(11 am. – promoted by ek hornbeck)
I’ve worked with and around CodePink for about two and a half years now. I’ve never been arrested for participation in any political actions but I have been present when others were arrested, and done back-end court support (relaying phone messages at the house and once, since I’d driven down, I was asked to wait for the call to pick some of those arrested up when they were released). I’ve been there for the 1am call, the 3am call, the bleary-eyed women shuffling through the front parlor with their coffee or tea at 7am: “Was Lori released yet?” “Laurie Arbeiter?” “No, Lori Purdue.” My own courtroom exposure has been limited to some car-related foo and a potential juror selection.
A very strange merging of those two worlds occurred this morning as I found myself travelling to “Criminal 2” in the Hempstead Courthouse to show support for Iraq Veterans Against The War member Adam Kokesh. It felt very odd, doing this show of political solidarity for a national-level peace activist where I live.
I have a lot of respect for Adam Kokesh. He’s very, very smart. (He’s also quite the hysterically funny wiseass.) Unlike myself, he’s an effective public speaker. When I’m pissed off, my speech centers are the first thing to shut down. Not him – he’s so well spoken he could easily pull off being a statesman should he ever decide to go down that road. Most importantly about Adam Kokesh, his head and heart are both in the right place, he’s courageous, and he scares the sweet jumping bejesus out of a set of people in this country who the Gods only know could stand to be a little scared right now of an angry American people. In my book, Adam Kokesh is a hero, and I was going to be there to show support for him.
The courtroom was tiny. Adam was sitting in the front row with his lawyer. I patted him on the shoulder to let him know he had a supporter and he looked up. As we smiled grimly at each other, the baliffs in the room reacted nervously. My hair is really really long and wild these days, even after I brush it. I look pretty scary and scruffy to people who don’t know me (and perhaps to some who do). I am not sure how much my 2002 oath to not cut my hair while Bush remains “President” of the United States is common knowledge – those who don’t know about it probably think I’m just a weirdo. The Java jacket looks like a motorcycle jacket, and I had the ever-present Victory ball cap on and black sweats.
Most of the people who showed up to support him were middle aged or elderly women, two might have been with him and two others were activists from other LI peace activist organizations. Unlike myself, they were dressed respectably, “acting their age”. Adam himself was wearing a jacket with the USMC seal on the back, a Vets for Peace patch on the shoulder and a couple of other little blingblings on it. I dunno, maybe this whole “look like a biker” thing has something to do with being ex-military, but whatever.
Another thing that usually makes me a lightning rod for attention in a courtroom is that there’s something about being in one of those places that sets off my “pay attention to every damn thing in the room” alarm, and when I start doing that the baliffs, whose job it is to do the exact same thing, tend to notice me noticing. Then we sit there and notice each other noticing the noticing. It’s real fun.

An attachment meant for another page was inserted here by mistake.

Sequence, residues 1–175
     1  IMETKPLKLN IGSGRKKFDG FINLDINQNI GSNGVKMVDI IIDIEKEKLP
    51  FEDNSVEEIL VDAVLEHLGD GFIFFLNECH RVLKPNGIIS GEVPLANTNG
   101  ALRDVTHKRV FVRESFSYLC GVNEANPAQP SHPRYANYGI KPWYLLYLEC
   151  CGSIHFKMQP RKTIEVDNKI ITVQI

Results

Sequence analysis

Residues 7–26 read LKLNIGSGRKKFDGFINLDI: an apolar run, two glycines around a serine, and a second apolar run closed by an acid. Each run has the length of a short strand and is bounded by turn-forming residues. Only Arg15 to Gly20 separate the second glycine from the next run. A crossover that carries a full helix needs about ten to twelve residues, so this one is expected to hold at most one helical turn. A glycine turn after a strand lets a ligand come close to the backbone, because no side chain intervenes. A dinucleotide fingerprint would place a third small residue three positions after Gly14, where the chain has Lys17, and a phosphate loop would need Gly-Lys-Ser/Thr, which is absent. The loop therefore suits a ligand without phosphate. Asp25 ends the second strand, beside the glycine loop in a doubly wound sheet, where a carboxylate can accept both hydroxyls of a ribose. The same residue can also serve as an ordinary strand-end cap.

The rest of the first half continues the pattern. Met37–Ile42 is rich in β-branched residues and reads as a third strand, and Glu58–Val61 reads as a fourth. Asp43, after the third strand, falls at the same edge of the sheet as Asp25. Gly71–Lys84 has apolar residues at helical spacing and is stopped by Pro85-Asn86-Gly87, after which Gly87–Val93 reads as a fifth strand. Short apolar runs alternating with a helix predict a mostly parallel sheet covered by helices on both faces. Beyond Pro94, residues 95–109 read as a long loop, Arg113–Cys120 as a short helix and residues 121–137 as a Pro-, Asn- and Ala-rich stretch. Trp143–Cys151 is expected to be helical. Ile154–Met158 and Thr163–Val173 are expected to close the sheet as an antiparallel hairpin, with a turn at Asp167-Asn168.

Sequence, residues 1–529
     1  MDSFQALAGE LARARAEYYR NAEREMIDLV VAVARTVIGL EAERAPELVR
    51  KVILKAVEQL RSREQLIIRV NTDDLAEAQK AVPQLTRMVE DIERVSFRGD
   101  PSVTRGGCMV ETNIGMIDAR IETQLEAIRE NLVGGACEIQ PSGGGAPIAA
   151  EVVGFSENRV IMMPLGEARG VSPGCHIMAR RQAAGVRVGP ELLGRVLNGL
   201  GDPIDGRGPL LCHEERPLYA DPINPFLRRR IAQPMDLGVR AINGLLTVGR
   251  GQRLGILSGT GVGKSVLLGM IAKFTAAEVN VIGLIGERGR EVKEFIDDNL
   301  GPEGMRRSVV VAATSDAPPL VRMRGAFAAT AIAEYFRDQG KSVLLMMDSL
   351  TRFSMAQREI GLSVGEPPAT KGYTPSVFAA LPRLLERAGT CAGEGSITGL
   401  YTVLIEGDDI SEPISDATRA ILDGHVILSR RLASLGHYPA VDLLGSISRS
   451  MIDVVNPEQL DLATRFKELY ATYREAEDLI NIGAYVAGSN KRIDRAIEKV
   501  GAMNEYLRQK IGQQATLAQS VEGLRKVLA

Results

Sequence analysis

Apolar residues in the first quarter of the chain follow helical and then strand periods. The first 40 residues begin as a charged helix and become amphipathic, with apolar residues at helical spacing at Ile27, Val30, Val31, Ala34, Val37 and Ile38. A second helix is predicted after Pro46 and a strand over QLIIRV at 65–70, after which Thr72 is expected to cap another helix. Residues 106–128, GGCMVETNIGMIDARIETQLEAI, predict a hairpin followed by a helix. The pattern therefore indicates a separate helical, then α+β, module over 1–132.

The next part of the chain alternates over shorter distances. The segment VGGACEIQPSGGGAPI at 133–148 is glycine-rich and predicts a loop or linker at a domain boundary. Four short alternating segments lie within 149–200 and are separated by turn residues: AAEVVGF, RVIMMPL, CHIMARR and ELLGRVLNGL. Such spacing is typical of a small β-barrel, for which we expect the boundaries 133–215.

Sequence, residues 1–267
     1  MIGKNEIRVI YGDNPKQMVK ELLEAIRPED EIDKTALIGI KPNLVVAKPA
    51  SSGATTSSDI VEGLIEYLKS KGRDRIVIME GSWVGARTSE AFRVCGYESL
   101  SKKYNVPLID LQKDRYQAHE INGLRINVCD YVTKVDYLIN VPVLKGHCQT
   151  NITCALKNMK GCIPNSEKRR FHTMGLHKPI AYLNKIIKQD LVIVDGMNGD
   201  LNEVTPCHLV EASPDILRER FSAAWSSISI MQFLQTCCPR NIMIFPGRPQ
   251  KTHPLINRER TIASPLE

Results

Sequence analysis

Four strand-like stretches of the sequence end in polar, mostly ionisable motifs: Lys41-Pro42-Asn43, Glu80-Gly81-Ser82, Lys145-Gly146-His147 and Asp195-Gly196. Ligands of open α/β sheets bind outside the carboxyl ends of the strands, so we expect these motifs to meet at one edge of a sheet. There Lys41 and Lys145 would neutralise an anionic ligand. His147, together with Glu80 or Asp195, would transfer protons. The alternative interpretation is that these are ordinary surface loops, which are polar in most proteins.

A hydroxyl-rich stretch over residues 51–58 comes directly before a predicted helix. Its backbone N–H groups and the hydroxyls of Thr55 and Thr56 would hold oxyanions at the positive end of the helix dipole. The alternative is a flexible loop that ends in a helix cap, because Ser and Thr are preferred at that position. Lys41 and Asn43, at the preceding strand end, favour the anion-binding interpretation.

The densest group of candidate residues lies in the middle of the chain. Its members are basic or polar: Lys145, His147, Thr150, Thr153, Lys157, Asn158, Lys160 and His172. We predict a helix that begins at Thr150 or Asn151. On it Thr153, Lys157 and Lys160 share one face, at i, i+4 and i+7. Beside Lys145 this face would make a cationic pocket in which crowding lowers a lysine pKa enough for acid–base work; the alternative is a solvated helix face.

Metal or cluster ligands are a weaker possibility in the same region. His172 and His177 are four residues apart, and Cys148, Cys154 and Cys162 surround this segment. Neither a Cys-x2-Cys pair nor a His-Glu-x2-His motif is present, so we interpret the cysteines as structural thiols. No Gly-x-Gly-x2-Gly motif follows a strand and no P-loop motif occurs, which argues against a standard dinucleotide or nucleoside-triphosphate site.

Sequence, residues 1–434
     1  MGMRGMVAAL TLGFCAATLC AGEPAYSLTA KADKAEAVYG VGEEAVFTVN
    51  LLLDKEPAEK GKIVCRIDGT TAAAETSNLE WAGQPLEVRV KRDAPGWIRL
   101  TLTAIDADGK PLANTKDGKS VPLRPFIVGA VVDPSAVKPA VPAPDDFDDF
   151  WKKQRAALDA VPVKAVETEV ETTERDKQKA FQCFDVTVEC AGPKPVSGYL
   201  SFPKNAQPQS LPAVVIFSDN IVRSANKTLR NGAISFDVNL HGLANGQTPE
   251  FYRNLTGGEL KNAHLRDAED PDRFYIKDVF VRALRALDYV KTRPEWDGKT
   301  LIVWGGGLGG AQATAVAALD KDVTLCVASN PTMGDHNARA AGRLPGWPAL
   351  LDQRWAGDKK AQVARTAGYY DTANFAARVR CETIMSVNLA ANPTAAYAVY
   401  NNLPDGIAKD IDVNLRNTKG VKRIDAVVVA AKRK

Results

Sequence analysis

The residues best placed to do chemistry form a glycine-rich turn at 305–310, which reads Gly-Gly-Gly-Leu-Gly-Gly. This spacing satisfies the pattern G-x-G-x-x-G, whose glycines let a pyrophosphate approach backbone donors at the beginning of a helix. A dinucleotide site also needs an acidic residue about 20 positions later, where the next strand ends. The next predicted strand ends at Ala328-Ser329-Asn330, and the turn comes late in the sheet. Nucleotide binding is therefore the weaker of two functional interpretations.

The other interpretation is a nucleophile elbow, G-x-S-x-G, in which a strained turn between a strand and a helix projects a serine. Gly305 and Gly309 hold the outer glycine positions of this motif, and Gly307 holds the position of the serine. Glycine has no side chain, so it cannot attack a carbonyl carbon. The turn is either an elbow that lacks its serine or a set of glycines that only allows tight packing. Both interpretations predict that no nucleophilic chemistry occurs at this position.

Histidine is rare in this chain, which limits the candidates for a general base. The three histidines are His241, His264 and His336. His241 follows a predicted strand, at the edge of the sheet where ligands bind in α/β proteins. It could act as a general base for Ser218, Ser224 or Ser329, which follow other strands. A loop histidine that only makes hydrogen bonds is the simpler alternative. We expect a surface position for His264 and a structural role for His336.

So, smirking a bit more because I knew what I was going to do next was going to kick the whole “hypervigilance” thing in the room up to the next level, I sat down… and then I took off my coat. Slowly, ritually, like Superman, I pulled the edges of my coat until the snaps released and what I had on underneath came into view like the full moon from behind a cloud.
The eyeball-screaming pink sweatshirt glared like Rudolph the reindeer’s nose in the otherwise grey/brown/tweedy gallery. My crazy-long uncut hair, burnished to bright copper by seven long years of sunshine, spilled down my shoulders and provided a garish contrast to the nearly flourescent glow of my sweatshirt.
I sat behind Adam Kokesh and the aura of a valkyrie’s rage rippled the courtroom. The power of that pink color was absolutely electric and I smiled like I was going into battle, enjoying the reactions. The judge glanced at a baliff as this assault on the senses rolled through the room like a wave. Lawyers and cops and even the odd spectator looked nervously at me and then at each other. Blackberries and phones came out and the texting began. A baliff carefully peeled off into a rear door. Police hands unconsciously twitched in certain beltlike directions. I could almost HEAR them thinking: “CODEPINK!”, and wondering if I was going to do some terribly uncool and disruptive thing like yell, or hold up a sign, or maybe that Gadsden flag was going to come out again? Yes, the Gadsden flag makes certain people very nervous too, but I’d left it home this time. I just sat there and Was Pink(tm) at them, wearing my scary little “Don’t Tread On Me” smile-that-was-not-a-smile.
The trip was worth it from this perspective alone, but it was of course not just about me being me at a system full of pricks, but to also show support for Mr. Kokesh. The appearance went relatively smoothly, the result was his trial was scheduled for December, and that was that for the morning.
The power of pink has come to Nassau County, kiddies. Deal with it. You dared to do this to my fellow veteran peace activists WHERE I LIVE? You want to stretch this out for my IVAW homies, you sons of bitches? Well then you’d better get used to seeing pink. A LOT. Because I’m watching YOU now, you sons of bitches. I’m watching YOU.